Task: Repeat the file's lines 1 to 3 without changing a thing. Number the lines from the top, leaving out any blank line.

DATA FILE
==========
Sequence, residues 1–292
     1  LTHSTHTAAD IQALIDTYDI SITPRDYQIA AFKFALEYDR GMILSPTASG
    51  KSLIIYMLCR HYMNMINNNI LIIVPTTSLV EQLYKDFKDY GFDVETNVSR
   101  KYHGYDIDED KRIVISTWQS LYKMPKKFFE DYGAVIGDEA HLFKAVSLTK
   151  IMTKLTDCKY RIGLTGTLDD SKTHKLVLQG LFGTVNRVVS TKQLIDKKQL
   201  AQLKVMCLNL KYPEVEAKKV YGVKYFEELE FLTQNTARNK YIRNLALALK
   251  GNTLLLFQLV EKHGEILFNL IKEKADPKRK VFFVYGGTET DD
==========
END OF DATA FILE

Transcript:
Sequence, residues 1–292
     1  LTHSTHTAAD IQALIDTYDI SITPRDYQIA AFKFALEYDR GMILSPTASG
    51  KSLIIYMLCR HYMNMINNNI LIIVPTTSLV EQLYKDFKDY GFDVETNVSR